I am a civil engineer and work as the Construction Manager at On Call Africa. I am passionate about improving access to and quality of services at social institutions through improved access to water, sanitation and hygiene (WASH), improved infrastructure, and access to sustainable power solutions. In my role, I lead on project planning and implementation for the design and construction of WASH and health facility infrastructure. As a part of this work, I also focus on engaging with communities to take part in the entire process of improving infrastructure, from design phase, through construction, and supporting the ongoing operations and maintenance of these infrastructure. To me, a sense of ownership and responsibility at the community level is critical to successful, long-lasting, high-quality infrastructure.
Reliable electricity supply is a key to development. How has the situation improved in your project?
National grid electricity supply is subject to intermittent/rationed supply at certain seasons of the year, especially in summer due to reduced water levels in dams as our supply is mostly hydroelectric. With solar supply we have assured supply with very minimal operation and maintenance requirement especially that these systems have minimal moving parts. Secondly, many social institutions such as schools and clinics are in remote areas and do not have access to the national grid supply, nor are they likely to for a very long time. Stand-alone solar systems are a great way of providing reliable and affordable solar power to those off the national grid.
How do the citizens benefit from the improved energy infrastructure in your project?
Minimal operational and maintenance – These systems have little financial requirements to run and operate them hence citizens benefit through financial savings.
Safe and Improved Quality of Service – A typical case is the efficiency and safety that comes with proper solar lighting in delivery rooms and maternity annexes, proper lighting makes it very convenient for the health workers and safe for the mothers during deliveries conducted at night. Solar electricity has also helped with proper data storage and retrieval as health workers are able to use computers even in the most remote healthcare facilities.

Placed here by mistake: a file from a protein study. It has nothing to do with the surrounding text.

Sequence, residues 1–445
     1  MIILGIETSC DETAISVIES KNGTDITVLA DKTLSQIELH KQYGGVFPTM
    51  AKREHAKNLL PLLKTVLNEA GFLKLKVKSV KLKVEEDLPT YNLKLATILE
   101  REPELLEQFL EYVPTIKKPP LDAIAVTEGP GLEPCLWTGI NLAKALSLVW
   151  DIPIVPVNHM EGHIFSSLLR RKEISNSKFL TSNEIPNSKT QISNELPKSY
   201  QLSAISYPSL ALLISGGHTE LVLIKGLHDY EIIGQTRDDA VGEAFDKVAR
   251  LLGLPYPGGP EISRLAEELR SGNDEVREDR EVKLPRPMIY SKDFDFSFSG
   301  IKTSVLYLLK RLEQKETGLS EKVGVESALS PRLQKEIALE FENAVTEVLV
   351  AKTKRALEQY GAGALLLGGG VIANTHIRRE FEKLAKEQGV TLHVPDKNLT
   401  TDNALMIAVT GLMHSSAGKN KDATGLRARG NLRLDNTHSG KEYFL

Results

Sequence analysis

Schools, health stations or refugee shelters generally have high financial needs. What do you think social institutions need to be able to finance high-performance solar systems?
They need more engagement with their political and local leadership to provoke political will and engagement with funding institutions to be able to finance high-performing solar systems.
Financing is one thing. At least as important is a long service life and thus the maintenance and care of the systems. How can this be managed well?
We can manage this well by instilling a sense of ownership in the community for the ongoing care of these systems. We can identify community members and form solar committees from the inception of the project. These members can be given different roles and responsibilities, they can be trained to take up financial, administrative and technical responsibilities, such as operations and maintenance. We can also identify and implement income generating activities that are in line with the project aims and objectives.
Often, different government institutions are involved in the projects, the ministries of health and energy, implementing agencies and local communities. With many stakeholders, how can the processes be accelerated?
We can identify key stakeholders from each institution at the inception of the project. These institutions will have to be engaged more frequently throughout the project life and put on a steering committee which guides the acceleration of moving solar installations forward.
Social institutions are often a central meeting point for communities. Does it make sense to use them to bring forward the dissemination of more solar installations in rural areas?
Yes, it absolutely does! Firstly, by improving the quality of these social institutions through increased access to power, community members are more likely to utilize them to their fullest potential, leading to improved health and educational outcomes. Secondly, community members will become more familiar with solar and its potential to improve well-being and be better placed advocate for expansion of solar networks into the rural areas and the household level.
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